Our condo is a museum of our never-ending globetrotting. African masks, religious statues, souvenirs, and mementos from all over the world constantly fight for shelf space with the cats. The more we travel, the more things we bring home. Our minimalist way of life directly conflicts with the constant desire to bring back even a tiny part of every foreign culture. For the most part, we try to avoid the most touristy trinkets and usually buy only those things that can serve as a quintessential reminder of the countries visited. You can’t think of a more Argentinian thing than a mate cup or a more Japanese thing than a woodblock print. We are at the point where we can no longer display everything that we have accumulated over the years (and continue to accumulate) and now must rotate the collected pieces. I can’t describe in one post everything that we brought back from our journeys (maybe we should do a couple of posts on this topic?). Today, I will highlight just a couple of special items that we found across the globe.
Naga Statue, Cambodia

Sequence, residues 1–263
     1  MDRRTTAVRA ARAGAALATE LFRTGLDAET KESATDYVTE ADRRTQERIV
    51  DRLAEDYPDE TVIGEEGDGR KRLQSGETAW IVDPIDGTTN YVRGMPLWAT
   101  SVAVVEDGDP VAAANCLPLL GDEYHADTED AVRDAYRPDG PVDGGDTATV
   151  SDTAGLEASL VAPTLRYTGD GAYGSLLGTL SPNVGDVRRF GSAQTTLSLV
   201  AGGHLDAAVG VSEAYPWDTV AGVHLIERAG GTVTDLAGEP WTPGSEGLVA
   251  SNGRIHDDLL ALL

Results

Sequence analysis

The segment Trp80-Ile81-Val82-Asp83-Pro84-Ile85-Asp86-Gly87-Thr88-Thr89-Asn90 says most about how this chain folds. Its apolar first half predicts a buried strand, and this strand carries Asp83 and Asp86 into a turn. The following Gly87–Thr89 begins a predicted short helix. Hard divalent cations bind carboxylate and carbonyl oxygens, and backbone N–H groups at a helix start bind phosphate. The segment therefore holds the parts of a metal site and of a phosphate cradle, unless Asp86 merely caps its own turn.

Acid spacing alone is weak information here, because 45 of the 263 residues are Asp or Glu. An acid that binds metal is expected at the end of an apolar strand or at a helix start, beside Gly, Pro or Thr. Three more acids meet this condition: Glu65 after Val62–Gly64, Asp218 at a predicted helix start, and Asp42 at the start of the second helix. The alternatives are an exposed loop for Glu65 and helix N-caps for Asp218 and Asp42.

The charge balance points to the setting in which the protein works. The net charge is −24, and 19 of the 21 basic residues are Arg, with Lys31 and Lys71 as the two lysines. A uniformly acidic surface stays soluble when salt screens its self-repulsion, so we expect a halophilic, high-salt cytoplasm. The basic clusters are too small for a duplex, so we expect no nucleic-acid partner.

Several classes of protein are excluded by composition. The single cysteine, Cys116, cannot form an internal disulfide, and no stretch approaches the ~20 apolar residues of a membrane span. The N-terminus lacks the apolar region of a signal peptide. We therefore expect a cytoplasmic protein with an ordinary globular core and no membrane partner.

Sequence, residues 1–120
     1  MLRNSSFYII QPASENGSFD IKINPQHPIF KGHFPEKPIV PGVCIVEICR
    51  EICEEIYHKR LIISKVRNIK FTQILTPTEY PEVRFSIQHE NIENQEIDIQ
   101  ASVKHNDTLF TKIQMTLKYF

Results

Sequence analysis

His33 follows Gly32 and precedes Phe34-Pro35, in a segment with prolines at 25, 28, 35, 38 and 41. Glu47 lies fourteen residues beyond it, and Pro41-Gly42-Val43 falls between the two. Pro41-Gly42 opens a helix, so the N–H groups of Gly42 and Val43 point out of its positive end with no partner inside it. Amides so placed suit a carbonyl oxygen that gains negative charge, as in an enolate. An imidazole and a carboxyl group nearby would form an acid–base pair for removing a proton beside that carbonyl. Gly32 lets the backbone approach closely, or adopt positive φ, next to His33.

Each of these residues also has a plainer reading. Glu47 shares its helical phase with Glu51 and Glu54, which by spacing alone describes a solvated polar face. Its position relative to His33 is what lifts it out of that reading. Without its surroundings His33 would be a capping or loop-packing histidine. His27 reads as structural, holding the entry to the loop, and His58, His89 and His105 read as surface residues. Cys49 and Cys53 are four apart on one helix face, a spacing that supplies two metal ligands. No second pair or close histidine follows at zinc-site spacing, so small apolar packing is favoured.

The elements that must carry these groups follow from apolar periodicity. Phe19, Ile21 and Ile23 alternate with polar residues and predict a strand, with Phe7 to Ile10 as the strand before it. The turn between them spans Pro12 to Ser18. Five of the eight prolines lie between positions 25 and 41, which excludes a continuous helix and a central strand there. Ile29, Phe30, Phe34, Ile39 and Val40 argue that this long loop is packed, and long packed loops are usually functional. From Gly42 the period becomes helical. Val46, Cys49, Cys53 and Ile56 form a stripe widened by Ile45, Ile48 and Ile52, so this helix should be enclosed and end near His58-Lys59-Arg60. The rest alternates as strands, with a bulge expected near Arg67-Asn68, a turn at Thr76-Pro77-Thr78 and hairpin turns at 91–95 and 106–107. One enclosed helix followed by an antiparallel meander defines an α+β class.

We are not religious, but we have at least one shelf dedicated to religious statues and art. In many countries, especially in the East, religion is the key aspect of people’s lives and is often reflected in art and everyday objects. In our collection, we have a beautiful blackwood Buddha statue from Thailand, a copper Ganesh statue from India, and wooden plaques for writing wishes to Shinto gods from Japan. One of the most interesting religious pieces we own is from Cambodia -- a wooden naga statue or a Buddha sitting on a tangle of snakes. Before visiting Cambodia, we saw similar stone statues at the Art Institute of Chicago in the Asian section and other art museums across the U.S. But it is only when we got to Cambodia, we realized how much Cambodian love their snake gods. The National Museum of Cambodia in Phnom Penh was filled with old, weathered naga statues. Outside the museum and throughout the country, there were ever-present seven-headed nagas guarding entrances to temples. The obsession with snakes is explained by the local religious belief that Khmers (present-day Cambodians) are descendants of the nagas, who were half-human and half-snake.